This should sound immediately familiar to anyone living around Washington, DC, this year:
"Court intriques intensified, leading to a near total paralysis of policy. Frontier policy became a political football passed between court factions, each mouthing angry patriotic platitudes, each vying to win favour with unpredictable emperors who sat, cloistered in the Forbidden City, angrily nuturing a futile sense of superiority over the foriegners snapping at the frontier.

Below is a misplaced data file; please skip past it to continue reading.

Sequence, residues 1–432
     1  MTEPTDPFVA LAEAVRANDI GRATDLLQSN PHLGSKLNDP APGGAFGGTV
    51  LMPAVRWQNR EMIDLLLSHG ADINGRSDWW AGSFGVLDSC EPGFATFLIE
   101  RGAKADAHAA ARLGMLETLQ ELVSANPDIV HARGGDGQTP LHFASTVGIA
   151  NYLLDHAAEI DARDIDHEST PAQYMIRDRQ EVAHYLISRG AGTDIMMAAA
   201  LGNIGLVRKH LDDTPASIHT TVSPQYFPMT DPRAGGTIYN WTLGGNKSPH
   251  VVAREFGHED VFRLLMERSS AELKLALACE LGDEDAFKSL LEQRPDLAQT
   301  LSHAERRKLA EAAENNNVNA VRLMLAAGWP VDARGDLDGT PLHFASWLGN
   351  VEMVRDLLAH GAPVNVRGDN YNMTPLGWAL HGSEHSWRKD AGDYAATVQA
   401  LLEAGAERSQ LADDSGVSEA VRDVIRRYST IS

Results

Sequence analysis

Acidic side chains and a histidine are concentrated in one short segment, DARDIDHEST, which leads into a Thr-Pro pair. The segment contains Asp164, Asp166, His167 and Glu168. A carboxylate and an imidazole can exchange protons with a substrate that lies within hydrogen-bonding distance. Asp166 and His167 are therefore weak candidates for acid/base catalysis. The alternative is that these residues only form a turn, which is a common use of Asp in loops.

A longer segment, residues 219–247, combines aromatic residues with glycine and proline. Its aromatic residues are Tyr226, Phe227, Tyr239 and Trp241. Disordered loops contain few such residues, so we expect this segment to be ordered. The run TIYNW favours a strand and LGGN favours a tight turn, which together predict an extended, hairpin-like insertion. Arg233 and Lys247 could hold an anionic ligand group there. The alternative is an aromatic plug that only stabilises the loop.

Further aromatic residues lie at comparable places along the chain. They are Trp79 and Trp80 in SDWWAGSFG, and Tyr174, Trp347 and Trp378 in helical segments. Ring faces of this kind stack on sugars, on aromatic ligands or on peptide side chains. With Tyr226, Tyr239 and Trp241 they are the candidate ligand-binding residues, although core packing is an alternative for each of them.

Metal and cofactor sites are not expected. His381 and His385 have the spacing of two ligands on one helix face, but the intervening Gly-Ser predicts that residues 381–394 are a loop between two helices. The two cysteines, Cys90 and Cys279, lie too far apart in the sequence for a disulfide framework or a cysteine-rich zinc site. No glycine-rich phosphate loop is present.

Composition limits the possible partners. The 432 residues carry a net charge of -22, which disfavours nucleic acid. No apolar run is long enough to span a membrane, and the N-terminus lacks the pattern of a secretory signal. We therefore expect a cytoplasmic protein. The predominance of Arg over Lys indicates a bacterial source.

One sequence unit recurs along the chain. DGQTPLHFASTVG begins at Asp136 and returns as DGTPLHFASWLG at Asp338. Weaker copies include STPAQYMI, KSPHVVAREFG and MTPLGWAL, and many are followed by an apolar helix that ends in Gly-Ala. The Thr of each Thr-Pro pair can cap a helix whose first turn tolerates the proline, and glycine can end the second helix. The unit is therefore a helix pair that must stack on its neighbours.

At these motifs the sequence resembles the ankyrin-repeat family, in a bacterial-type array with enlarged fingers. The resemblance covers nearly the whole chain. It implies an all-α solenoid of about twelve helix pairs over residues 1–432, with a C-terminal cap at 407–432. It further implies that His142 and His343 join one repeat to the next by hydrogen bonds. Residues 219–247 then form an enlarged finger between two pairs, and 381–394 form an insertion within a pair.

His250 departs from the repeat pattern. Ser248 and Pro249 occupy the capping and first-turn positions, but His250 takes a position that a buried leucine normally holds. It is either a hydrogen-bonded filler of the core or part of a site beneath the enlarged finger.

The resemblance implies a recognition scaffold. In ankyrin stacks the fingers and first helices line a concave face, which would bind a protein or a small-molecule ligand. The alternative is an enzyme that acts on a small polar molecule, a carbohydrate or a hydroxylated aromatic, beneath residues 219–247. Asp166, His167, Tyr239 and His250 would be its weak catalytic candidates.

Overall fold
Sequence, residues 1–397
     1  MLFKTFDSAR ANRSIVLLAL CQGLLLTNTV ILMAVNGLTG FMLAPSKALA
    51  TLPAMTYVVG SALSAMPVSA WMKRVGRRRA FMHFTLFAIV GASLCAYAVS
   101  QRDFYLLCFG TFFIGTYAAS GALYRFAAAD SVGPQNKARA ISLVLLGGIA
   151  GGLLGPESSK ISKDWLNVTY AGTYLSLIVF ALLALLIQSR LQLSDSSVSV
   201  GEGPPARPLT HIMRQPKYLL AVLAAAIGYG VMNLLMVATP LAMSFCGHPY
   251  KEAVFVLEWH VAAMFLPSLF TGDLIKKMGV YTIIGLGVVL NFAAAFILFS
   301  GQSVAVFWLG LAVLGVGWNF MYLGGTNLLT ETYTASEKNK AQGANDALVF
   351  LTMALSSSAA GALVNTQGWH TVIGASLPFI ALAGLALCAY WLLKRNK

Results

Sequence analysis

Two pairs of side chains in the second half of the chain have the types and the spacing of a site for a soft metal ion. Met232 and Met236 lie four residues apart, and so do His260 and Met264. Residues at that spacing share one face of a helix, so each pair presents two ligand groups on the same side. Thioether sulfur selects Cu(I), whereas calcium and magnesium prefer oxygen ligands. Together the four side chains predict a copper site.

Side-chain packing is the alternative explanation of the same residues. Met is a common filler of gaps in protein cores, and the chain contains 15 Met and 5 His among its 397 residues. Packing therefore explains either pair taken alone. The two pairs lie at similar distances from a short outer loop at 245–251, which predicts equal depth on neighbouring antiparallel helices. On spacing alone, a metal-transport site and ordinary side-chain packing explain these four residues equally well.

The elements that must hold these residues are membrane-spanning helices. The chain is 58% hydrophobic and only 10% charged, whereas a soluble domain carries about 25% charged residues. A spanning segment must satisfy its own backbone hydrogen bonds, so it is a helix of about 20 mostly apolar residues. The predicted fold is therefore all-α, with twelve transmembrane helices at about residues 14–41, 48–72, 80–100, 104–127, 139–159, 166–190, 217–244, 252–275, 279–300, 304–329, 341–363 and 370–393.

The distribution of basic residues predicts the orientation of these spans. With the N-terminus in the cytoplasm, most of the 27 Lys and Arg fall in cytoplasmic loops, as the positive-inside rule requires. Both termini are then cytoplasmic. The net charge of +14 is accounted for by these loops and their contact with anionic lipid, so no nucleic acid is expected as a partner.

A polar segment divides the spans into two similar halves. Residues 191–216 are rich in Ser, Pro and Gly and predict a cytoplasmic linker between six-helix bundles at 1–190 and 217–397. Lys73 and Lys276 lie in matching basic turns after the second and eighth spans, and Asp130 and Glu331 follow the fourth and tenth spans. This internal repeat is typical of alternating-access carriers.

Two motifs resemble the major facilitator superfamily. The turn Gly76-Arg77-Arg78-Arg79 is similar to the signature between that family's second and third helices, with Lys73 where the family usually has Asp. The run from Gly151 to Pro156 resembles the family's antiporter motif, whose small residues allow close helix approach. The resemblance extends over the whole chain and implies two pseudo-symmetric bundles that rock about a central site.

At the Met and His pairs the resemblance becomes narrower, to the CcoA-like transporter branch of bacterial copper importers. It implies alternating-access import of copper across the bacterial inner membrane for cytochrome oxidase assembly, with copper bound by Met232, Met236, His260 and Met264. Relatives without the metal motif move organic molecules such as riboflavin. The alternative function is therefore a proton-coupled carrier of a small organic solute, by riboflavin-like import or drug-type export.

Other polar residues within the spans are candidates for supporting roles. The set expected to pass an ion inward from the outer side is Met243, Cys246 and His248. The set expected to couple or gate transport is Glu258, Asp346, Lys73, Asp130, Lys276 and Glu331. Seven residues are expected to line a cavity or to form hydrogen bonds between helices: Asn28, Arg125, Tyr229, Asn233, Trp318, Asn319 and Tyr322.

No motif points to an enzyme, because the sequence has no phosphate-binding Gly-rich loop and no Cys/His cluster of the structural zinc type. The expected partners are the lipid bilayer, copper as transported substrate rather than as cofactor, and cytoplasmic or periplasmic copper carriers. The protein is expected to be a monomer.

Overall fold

Against this backdrop of racist arrogance, military incompetence and murderous factionalism, only one course of action was beginning to look both defensively viable and psychologically satisfying: wall-building."1
The year was 1457 and the place was Ming China. These days we build our own walls. Sadly, they are likely to do us as much good as they did the Ming. That is, of course, none at all.
1. Juia Lovell, The Great Wall; China Against the World 1000 B.C. - A.D. 2000, Grove Press, New York, 2006, pp. 201
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